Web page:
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U2's Bono Has 'Row' With President Bush Over AIDS Money

Bono and President George W. Bush held a candid discussion on AIDS funding on Tuesday (September 16) which the U2 lead singer describes as a “Good ole row.” Back in May, Bush earmarked $3 billion worth of funding to fight AIDS on a global level. But since that time, Congress has only released $2 billion. Speaking at a press conference following their meeting, Bono said Bush is “very passionate about these problems and I believe him. I just can’t agree on the numbers.”

Bono has long used his fame as a platform to speak out about AIDS, which has claimed the lives of more than 22 million Africans. In 2002, he set up an organization called DATA (Debt, Aid, Trade for Africa), which advocates economic aid, lowering export tariffs, and money to fight the scourge of AIDS.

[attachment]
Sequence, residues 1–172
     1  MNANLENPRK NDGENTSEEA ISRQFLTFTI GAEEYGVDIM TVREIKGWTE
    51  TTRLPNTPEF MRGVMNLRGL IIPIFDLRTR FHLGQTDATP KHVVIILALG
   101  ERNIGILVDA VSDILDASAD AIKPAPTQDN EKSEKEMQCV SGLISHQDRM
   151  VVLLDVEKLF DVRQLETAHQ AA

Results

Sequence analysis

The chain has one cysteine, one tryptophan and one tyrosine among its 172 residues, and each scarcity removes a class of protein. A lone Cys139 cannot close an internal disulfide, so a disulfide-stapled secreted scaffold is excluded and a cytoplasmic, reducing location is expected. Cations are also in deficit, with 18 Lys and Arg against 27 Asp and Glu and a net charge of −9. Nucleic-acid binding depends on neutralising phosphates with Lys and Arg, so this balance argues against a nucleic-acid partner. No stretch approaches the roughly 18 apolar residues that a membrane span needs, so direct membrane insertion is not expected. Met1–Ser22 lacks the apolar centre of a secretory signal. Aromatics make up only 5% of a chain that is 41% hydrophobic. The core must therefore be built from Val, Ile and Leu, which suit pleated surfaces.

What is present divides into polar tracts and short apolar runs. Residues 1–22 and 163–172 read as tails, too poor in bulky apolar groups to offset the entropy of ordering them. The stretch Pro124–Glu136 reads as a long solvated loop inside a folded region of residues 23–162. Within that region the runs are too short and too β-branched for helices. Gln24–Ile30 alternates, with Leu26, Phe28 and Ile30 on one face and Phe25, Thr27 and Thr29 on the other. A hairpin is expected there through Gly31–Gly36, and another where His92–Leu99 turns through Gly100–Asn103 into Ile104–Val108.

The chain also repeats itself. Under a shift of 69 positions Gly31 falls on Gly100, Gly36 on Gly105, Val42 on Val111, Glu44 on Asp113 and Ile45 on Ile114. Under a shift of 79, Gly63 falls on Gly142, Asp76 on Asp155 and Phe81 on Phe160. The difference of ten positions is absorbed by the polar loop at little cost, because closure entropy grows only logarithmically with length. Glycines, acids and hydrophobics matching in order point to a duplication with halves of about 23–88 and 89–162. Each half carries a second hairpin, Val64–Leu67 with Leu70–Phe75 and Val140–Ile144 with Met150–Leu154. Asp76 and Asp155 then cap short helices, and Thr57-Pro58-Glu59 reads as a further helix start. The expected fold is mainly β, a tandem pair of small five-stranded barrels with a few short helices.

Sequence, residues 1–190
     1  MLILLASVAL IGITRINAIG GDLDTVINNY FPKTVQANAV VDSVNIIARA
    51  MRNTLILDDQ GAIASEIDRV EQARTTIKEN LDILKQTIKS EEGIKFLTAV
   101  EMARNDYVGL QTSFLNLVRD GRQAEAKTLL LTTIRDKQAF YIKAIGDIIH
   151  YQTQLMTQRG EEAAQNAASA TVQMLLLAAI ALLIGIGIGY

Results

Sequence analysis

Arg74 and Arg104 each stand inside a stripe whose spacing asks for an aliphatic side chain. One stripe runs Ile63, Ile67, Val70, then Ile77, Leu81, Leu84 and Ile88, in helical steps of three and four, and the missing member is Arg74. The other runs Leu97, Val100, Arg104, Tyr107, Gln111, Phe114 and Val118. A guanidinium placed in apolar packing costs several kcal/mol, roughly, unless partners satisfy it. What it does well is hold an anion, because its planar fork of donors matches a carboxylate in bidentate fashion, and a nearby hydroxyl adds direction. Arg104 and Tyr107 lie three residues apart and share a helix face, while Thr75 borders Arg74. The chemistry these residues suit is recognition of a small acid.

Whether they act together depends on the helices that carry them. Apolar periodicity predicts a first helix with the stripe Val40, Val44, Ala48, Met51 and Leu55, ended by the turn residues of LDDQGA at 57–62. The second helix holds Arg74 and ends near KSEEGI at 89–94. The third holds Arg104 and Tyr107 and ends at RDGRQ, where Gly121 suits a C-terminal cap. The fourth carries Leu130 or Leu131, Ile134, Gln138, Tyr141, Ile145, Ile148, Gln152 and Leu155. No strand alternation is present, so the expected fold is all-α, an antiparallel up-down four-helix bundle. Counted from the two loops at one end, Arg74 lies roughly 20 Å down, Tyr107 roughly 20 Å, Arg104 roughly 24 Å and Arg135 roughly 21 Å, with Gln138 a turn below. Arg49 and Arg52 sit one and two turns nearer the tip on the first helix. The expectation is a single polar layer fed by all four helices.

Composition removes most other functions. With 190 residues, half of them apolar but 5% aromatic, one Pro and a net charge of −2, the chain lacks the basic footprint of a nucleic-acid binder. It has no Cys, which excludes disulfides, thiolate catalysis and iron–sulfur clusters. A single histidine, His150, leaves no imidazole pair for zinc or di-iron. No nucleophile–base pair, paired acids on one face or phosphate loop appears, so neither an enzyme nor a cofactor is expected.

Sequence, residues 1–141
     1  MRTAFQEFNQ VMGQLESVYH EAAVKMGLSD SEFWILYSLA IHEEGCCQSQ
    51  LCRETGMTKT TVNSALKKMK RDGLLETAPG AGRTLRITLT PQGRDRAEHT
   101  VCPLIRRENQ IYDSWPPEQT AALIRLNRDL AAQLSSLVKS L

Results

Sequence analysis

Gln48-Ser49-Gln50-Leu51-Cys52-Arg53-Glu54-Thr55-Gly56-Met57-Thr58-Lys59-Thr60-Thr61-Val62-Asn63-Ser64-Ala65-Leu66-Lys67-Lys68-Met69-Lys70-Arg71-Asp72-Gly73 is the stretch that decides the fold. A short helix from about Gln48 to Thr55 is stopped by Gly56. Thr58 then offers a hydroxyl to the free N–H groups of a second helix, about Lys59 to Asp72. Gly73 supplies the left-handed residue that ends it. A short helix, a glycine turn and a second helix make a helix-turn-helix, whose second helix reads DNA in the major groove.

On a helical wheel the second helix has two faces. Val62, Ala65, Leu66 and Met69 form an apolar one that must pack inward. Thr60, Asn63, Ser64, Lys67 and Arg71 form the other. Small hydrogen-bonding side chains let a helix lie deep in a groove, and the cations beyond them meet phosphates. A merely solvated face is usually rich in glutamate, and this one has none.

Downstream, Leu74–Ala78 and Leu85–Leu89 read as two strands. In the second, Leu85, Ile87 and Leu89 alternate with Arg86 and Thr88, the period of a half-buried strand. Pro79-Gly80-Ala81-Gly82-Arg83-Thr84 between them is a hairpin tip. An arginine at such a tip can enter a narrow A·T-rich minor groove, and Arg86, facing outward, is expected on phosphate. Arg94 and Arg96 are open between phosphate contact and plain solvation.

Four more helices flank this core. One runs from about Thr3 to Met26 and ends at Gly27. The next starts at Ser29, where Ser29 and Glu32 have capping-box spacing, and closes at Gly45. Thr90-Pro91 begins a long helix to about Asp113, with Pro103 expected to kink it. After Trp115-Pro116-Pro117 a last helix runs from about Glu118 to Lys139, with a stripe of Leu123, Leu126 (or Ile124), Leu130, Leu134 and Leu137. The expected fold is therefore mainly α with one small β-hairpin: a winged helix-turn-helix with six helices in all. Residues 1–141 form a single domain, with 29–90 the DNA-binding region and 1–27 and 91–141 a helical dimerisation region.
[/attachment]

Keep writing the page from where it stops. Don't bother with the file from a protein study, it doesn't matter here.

He revealed AIDS is the greatest threat to humanity since the bubonic plague. “To describe this as the greatest threat to humanity since the bubonic plague killed off two-thirds of Europe in the middle ages, it’s of that order,” Bono said. “And it’s happening in our time.”

Bono’s continued work has led him to be placed on the short list of possible winners of this year’s Nobel Peace Prize. The winner is expected to be announced on October 10.

There are roughly 30 million people on the African continent alone who are afflicted with AIDS, leaving Bono to remark, “The AIDS emergency is just that. It’s not a cause… Several thousand people dying a day is not a cause, it’s an emergency.”

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